Sunday, July 18, 2010

2010's First Picnic

Used to be that Boo and I would use any good weather as an excuse for a picnic. At one point, it was even partially romanticized in a quest form as the "Summer of a Thousand Picnics." Not exactly possible in one summer - but it sounded good.

Here we are well into July and this is our first picnic of the year. Never one to give up quests and "tilting at windmills," maybe we can take on another bit of an adventure - to picnic at as many locations playing site to one of the Vancouver Biennale sculpture installations as we can. Introduced as a means of introducing contemporary art to the masses in unexpected places, over the years, the Biennale has introduced some intriguing pieces in VanCity. My hunts tend to wine over art, but we are looking to feature our bottles in as many different (and possibly exciting) locations as possible.

535. 2001 Jackson-Triggs Proprietors' Grand Reserve Shiraz (VQA Okanagan Valley)

It was the 2004 J-T Grand Reserve Shiraz that won the Rosemont Trophy as the Best Shiraz in the world in London in 2006. Not this 2001. This bottle's pedigree only travelled as far as to win "Best of Class" at the 2003 Wine Access Canadian Wine Awards - No slouch of an award on its own. As much as I'd like to add the 2004 to The List, I don't think it will happen since I never could get my hands on an actual bottle.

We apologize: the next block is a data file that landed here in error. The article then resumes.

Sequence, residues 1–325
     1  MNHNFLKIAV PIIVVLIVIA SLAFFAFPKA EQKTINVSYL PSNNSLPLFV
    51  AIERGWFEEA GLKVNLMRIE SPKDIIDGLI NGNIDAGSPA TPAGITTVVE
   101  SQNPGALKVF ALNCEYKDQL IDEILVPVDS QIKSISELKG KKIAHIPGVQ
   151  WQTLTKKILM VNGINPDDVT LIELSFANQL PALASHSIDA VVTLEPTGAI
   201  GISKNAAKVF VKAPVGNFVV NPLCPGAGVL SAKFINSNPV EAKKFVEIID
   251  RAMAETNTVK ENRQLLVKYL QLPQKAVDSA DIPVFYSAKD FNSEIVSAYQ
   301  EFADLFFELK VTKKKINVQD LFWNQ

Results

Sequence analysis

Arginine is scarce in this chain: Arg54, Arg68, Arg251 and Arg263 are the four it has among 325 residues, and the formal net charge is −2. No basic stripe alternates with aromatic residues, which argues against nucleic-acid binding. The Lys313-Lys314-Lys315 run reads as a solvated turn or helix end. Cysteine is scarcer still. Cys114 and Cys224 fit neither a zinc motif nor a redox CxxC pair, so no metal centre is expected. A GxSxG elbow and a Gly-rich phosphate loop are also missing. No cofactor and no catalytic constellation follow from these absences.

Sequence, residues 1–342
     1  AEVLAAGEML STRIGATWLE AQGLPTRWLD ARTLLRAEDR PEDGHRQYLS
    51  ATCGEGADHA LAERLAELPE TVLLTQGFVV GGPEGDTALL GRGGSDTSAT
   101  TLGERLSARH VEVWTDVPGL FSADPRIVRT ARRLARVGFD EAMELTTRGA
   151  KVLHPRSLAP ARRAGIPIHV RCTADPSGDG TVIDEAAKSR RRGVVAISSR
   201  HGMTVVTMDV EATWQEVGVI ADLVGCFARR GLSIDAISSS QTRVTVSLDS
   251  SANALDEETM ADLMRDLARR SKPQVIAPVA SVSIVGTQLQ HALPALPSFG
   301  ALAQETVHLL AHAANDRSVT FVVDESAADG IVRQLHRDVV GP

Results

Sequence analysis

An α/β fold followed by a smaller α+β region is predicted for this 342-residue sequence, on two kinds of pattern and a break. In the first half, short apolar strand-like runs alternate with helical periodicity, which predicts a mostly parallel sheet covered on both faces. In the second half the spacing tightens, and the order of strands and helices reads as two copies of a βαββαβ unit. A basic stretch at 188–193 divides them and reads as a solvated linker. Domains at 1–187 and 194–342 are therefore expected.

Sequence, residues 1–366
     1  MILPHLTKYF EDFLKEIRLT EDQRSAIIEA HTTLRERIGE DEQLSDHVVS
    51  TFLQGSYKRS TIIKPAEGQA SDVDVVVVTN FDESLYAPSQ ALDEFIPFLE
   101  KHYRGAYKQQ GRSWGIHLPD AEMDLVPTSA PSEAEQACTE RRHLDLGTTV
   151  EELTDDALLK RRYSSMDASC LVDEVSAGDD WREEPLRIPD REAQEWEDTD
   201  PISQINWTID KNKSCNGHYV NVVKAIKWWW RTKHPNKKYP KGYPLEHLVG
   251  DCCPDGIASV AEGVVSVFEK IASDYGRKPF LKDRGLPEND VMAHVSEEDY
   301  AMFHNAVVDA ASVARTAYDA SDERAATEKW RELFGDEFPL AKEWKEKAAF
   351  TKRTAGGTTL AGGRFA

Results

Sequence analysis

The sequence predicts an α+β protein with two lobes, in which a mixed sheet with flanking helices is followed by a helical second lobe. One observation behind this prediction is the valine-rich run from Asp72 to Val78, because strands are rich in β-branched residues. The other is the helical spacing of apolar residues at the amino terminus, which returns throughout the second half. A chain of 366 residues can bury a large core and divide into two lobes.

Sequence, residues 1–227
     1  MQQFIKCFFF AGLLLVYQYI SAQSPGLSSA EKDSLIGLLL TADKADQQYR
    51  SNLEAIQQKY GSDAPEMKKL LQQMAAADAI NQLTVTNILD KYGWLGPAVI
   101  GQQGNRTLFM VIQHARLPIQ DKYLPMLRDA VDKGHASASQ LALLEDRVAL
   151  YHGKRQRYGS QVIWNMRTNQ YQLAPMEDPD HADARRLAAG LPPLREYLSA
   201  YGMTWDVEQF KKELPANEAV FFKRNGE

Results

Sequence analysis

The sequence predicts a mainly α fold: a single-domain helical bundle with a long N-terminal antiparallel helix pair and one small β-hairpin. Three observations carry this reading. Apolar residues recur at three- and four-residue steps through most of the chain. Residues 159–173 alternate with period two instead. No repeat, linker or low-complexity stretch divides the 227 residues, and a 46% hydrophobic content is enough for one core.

It might be fair to say that it was the '01 Grand Reserve that started putting BC Shiraz on the map however - and it was still showing plenty of reason why there need be no shame in thinking that a BC Shiraz can live up to your dinner table - or picnic table. It's not to say that this wine would ever be confused for a big ol' Barossa fruit bomb, but it still has enough fruit on it to leave a foot in the New World while keeping some of the finesse needed when the fruit doesn't ripen quite as fully as in Oz or California.

Our actual picnic spot might not have been the choicest spot in the city - with Kits Point/Vanier Park passers-by continually taking stock of our goodies - but we did have a spectacular view of the West End and of Jen Ren's piece Freezing Water #7.

All I can say is "Bring it on." More wine. More art. More picnics. It all works for me.

Saturday, July 17, 2010

Real Wine Boyz Drink Pink

Summer weather. Summer entertaining. An easy excuse to drink. Call it what you may, but Friday saw another edition of Wine Boyz - and, in honour of the summer and one of this summer's trends, we were drinking pink.

Now that the general wine world is discovering that there's more to Rose than White Zinfandel, I figured it would be fun to try an assortment of pink wines to see if we could reach a general agreement or identify some favourites. I think we succeeded on both fronts.

Boo got called in to work at the last minute, so our eight became seven but we still had a rousing time and we encountered a couple surprises.